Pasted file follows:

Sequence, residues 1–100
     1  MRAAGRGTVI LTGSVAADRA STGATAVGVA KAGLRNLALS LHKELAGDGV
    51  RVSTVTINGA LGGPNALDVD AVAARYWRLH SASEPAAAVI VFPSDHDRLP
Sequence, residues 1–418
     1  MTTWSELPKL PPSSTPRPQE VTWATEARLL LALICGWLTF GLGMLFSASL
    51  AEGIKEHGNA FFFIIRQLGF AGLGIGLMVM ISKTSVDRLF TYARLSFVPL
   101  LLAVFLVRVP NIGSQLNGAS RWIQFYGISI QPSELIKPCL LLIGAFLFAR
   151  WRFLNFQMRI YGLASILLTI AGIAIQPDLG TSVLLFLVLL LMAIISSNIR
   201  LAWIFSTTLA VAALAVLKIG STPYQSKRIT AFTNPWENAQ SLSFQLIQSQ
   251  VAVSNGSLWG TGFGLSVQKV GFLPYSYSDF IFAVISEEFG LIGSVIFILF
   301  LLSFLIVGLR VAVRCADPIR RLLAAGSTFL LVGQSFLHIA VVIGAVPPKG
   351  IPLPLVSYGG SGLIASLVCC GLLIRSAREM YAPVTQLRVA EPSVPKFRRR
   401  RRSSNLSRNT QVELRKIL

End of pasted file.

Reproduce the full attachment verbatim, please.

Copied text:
Sequence, residues 1–100
     1  MRAAGRGTVI LTGSVAADRA STGATAVGVA KAGLRNLALS LHKELAGDGV
    51  RVSTVTINGA LGGPNALDVD AVAARYWRLH SASEPAAAVI VFPSDHDRLP
Sequence, residues 1–418
     1  MTTWSELPKL PPSSTPRPQE VTWATEARLL LALICGWLTF GLGMLFSASL
    51  AEGIKEHGNA FFFIIRQLGF AGLGIGLMVM ISKTSVDRLF TYARLSFVPL
   101  LLAVFLVRVP NIGSQLNGAS RWIQFYGISI QPSELIKPCL LLIGAFLFAR
   151  WRFLNFQMRI YGLASILLTI AGIAIQPDLG TSVLLFLVLL LMAIISSNIR
   201  LAWIFSTTLA VAALAVLKIG STPYQSKRIT AFTNPWENAQ SLSFQLIQSQ
   251  VAVSNGSLWG TGFGLSVQKV GFLPYSYSDF IFAVISEEFG LIGSVIFILF
   301  LLSFLIVGLR VAVRCADPIR RLLAAGSTFL LVGQSFLHIA VVIGAVPPKG
   351  IPLPLVSYGG SGLIASLVCC GLLIRSAREM YAPVTQLRVA EPSVPKFRRR
   401  RRSSNLSRNT QVELRKIL